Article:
Providence, RI, April 2014 – The Genocide Education Project (GenEd) Rhode Island branch co-chairs Pauline Getzoyan and Esther Kalajian provided their expertise to area events highlighting genocide and human rights during the month of April, which includes commemoration of the beginning of the Armenian Genocide, Holocaust, and the Rwandan Genocide.
National History Day
Getzoyan and Kalajian served as judges for a National History Day in Rhode Island contest of exhibits, documentaries, and websites based on the theme of genocide, created by middle and high school students. The contest was hosted by the Graduate Program in History at Providence College and the Rhode Island Social Studies Association.
Of 12 contest entries, two prizes were awarded. The junior division winner was Kristina Davtian, an eighth grade student at St. Peter School in Warwick, RI, whose project was a website entitled, “Immigration: Rights and Responsibilities.” Kristina’s website addressed immigration as it pertained to human rights violations and times of war, and it included an entire section on the Armenian Genocide and how it impacted immigration to the United States.
The senior division winner was Amanda Carberry, a ninth grade student at Narragansett High School in Narragansett, RI. Amanda’s project was a documentary entitled, “Exterminate the Cockroaches: The Rwandan Genocide and the Responsibility to Protect.” “On the occasion of the 20th anniversary of the beginning of the Rwandan Genocide, Amanda’s project was timely and very effective,” said Getzoyan, who joined Kalajian in presenting the winners with their awards, an autographed copy of Chris Bohjalian’s The Sandcastle Girls and $50.00 cash, at the award ceremony on Monday, April 7 at Winman Jr. High School in Warwick, RI.
Armenian Youth Day
Getzoyan and Kalajian presented a genocide education workshop at Armenian Youth Day, on April 22, hosted by the Armenian Martyrs’ Memorial Committee of Rhode Island. Addressing children aged 7-14, the speakers focused on teaching the definition of genocide, as well as some of the stages of genocide and their relationship.
Getzoyan and Kalajian discussed classification, the issue of identity and the idea of “us vs. them.” The students filled out identity charts with their names and interests, which they then shared with each other to understand the concept of how they may be viewed by others versus how they see themselves. This led to the second stage of genocide, symbolization, which included showing the students images of different symbols, such as sports logos, fraternity letters, and finally swastikas, the yellow Star of David, and gang graffiti.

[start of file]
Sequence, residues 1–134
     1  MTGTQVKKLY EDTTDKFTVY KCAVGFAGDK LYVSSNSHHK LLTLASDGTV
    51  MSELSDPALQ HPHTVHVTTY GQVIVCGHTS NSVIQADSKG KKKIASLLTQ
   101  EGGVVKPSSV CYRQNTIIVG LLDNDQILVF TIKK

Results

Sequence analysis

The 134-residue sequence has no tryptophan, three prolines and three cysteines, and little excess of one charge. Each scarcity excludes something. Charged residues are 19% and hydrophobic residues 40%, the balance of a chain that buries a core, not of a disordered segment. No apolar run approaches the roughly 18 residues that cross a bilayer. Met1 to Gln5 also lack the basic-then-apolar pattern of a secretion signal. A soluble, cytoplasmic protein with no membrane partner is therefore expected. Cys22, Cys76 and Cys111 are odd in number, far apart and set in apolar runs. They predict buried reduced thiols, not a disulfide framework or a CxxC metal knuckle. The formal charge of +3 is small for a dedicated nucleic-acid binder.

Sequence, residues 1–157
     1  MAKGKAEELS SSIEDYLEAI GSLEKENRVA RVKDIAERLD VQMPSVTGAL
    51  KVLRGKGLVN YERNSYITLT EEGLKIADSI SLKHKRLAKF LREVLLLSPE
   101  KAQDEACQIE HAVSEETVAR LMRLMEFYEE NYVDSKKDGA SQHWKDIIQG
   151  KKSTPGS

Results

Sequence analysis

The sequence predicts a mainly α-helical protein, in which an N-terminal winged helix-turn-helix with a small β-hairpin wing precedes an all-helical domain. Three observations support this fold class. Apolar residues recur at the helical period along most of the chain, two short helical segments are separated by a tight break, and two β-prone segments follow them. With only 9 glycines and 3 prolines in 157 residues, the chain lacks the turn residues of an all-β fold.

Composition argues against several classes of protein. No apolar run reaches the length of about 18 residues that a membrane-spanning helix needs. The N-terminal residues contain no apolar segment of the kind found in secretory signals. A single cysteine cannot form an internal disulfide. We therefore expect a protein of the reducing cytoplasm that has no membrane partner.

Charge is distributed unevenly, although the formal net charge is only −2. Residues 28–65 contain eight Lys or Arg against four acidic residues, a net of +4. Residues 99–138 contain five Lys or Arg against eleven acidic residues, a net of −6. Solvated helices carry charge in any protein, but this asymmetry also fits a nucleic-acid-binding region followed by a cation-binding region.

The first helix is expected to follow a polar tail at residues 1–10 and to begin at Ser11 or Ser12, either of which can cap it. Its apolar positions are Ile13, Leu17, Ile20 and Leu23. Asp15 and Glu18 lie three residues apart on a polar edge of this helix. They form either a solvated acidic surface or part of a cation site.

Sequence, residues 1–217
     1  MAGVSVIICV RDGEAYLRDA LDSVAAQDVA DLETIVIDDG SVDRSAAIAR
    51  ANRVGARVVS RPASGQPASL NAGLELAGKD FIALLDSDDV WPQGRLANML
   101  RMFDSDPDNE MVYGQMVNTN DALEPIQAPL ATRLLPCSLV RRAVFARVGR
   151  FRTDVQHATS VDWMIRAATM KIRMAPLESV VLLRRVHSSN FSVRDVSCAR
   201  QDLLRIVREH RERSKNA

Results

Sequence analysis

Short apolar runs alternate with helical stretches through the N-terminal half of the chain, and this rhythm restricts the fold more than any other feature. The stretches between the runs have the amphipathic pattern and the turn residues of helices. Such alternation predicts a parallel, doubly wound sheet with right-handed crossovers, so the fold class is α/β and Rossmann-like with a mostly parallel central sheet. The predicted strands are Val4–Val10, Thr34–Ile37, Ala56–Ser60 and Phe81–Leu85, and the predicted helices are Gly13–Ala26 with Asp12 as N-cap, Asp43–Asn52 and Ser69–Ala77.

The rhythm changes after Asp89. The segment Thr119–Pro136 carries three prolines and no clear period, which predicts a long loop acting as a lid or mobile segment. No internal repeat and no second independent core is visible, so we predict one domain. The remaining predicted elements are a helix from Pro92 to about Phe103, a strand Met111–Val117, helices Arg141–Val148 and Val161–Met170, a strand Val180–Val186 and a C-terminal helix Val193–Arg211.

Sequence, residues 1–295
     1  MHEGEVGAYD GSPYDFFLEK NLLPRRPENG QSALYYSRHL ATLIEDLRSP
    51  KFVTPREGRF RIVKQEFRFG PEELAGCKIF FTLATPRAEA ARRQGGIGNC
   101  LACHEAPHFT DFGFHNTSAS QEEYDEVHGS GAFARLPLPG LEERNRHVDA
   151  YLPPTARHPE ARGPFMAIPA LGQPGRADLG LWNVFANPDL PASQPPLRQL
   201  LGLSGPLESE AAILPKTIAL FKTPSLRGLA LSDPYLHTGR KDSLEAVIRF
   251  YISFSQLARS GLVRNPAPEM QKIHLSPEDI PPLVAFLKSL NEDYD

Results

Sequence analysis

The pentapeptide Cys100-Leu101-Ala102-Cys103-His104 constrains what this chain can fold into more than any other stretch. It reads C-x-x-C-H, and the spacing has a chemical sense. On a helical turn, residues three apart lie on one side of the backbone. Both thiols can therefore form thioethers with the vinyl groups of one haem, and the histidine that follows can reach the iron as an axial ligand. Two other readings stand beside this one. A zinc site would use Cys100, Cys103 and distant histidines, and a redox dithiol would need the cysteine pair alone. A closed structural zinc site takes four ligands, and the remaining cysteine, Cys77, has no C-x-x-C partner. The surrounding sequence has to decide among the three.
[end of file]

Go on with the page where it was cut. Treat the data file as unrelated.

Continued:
During an activity illustrating the fifth stage of genocide, polarization, students were given blue or green paint chips. After some discussion about “favorite” chip color, Getzoyan and Kalajian chose students with the blue chips to join them and provided them snacks. After all the “blue” students took their snacks, the “green” students were asked how they felt about being excluded. The activity demonstrated for students the feeling of polarization which led to a discussion of bullying, which some of the students had experienced. This led to a related discussion of about how to react when being bullied or witnessing bullying. Getzoyan and Kalajian introduced the final stage of genocide, denial, in relation to taking responsibility for one’s actions and becoming “upstanders,” instead of bystanders. (All the students were given the snacks at the end of this activity.)
Genocide Educator of the Year
The Genocide Education Project – Rhode Island Branch presented the Genocide Educator of the Year Award to Lisa DerManouelian during the Armenian Genocide commemoration on Sunday, April 27th, hosted by the Armenian Martyrs’ Memorial Committee of RI (AMMC) at the Armenian Genocide monument at North Burial Ground in Providence. The award, which includes a framed certificate, along with a $500.00 stipend, is made possible through the generosity of the AMMC and the ANC of RI. DerManouelian, a middle school literature teacher at St. Peter School in Warwick, RI, was selected for her skill at incorporating genocide education in her curriculum, even though she is not a social studies or history teacher. According to Joan Sickinger, principal of St. Peter School, Lisa has brought many technological advances to the school, and two of her students were winners this year for their websites at the Rhode Island History Day event, which allowed them to travel to Washington, DC, to attend the National History Day event. DerManouelian guided her students through the reading and study of the biographical book about an Armenian Genocide survivor, The Road from Home, by David Kherdian.